A foundational quality of a good leader, whether he or she be a political or religious leader, would be that they are seeking the best interest of those they serve. They also seek to be good stewards. Unfortunately, self-interest is a tremendous temptation. For how long are they willing to approach the position as one who is willing to serve instead of being served? Another important attribute in a leader is their openness to critique and guidance when they are in need to hear it.
Jesus in today’s parable presents a landowner who turns his vineyard over to tenant farmers. They are to oversee the crops to bring about a productive yield of grapes come harvest time. Unfortunately: “When vintage time drew near, he [the owner] sent his servants to the tenants to obtain his produce. But the tenants seized the servants and one they beat, another they killed, and a third they stoned” (Mt 21:34-35). Eventually, the owner sends his own son, and the tenants kill him.
Jesus offered this parable as a mirror to the tenants of his time, the chief priests and Pharisees, of Israel. The vineyard is an image used to represent Israel. Clearly, the owner is God, and the tenant farmers are those in leadership positions overseeing the care of Israel. We do not know which leaders hearing this parable took it to heart and changed their minds, repented from their self-centered focus. We do know that there were those who carried out exactly what Jesus laid out in the parable. There were those, who following political and religious leaders of the past, persecuted, beat, and killed the prophets, and would do the same to Jesus.
Jesus called for the people of Israel in his time to rise up and actualize the potential of their covenantal relationship with and faithfulness in serving God. He still does so today. We are a part of this heritage. We who bear the name of Christian are “spiritual Semites” as Pope St. Paul VI has stated. We have an intimate relationship with our brothers and sisters in Judaism and are also given the responsibility of being good stewards.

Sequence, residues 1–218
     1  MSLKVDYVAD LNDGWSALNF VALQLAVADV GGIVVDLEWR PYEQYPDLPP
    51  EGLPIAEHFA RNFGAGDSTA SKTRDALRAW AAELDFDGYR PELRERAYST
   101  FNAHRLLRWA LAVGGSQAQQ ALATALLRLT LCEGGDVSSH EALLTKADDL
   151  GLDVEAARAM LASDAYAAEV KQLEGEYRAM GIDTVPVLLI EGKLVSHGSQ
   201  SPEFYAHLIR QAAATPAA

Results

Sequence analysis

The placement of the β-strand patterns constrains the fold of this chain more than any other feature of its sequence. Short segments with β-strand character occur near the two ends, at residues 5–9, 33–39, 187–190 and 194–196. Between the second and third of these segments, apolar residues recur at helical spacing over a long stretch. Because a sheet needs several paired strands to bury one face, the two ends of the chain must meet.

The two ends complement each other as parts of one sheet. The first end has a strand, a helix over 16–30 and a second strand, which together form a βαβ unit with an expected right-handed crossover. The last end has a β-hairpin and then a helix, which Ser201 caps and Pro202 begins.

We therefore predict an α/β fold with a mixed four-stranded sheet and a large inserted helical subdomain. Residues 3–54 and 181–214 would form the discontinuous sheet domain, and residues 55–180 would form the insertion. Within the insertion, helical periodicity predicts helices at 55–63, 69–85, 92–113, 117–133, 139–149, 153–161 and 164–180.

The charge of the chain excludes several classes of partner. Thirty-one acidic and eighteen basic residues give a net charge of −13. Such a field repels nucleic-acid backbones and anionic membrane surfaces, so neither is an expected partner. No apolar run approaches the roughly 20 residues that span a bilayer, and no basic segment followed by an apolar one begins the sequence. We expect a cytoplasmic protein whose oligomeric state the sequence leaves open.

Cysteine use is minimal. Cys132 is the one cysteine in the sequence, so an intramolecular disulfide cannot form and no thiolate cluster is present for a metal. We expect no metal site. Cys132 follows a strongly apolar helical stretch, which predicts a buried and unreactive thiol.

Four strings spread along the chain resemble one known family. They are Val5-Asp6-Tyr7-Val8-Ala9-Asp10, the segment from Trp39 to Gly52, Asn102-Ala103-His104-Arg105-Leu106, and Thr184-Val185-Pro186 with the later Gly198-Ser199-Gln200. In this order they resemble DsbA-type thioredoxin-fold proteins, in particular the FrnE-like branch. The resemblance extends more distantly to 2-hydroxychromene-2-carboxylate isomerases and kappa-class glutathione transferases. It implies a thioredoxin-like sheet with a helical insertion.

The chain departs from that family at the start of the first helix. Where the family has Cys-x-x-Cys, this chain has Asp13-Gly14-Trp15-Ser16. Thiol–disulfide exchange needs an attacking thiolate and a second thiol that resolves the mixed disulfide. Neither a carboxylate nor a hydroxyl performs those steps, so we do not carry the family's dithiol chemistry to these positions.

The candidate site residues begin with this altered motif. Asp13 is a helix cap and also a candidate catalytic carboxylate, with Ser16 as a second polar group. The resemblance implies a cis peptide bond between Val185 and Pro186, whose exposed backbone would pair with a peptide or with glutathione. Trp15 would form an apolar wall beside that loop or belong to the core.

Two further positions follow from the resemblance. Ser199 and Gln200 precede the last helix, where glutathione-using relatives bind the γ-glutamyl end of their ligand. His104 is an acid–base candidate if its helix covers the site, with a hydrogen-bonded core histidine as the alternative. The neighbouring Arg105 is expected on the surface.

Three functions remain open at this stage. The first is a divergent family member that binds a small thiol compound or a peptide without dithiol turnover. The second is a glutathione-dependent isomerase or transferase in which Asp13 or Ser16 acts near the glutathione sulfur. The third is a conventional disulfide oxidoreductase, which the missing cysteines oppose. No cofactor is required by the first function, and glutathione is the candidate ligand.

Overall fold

Pope Francis offers us a prescription that we can aspire to that comes from one of our brothers in the Eastern Orthodox tradition, Bartholomew, the Patriarch of Constantinople: “He [Bartholomew] asks us to replace consumption with sacrifice, greed with generosity, wastefulness with a spirit of sharing, an asceticism which ‘entails learning to give, and not simply to give up. It is a way of loving, of moving gradually away from what I want to what God’s world needs. It is liberation from fear, greed, and compulsion'” (Laudato Si, 9).
This is a way we are to follow and to model. All of us on this earth are stewards awaiting the return of the Son of the Land Owner, whether people of faith or no faith, and we need to resist the temptation of the tenants from today’s parable who sought to grasp at what was not theirs and embraced the deadly sin of envy and greed. Instead, may we be more open to receiving what we have been entrusted with and care for the gift of the earth, all life upon it, and one another.
Photo: View from Griffith Observatory, Griffith Park, Los Angeles, CA last year during spring break.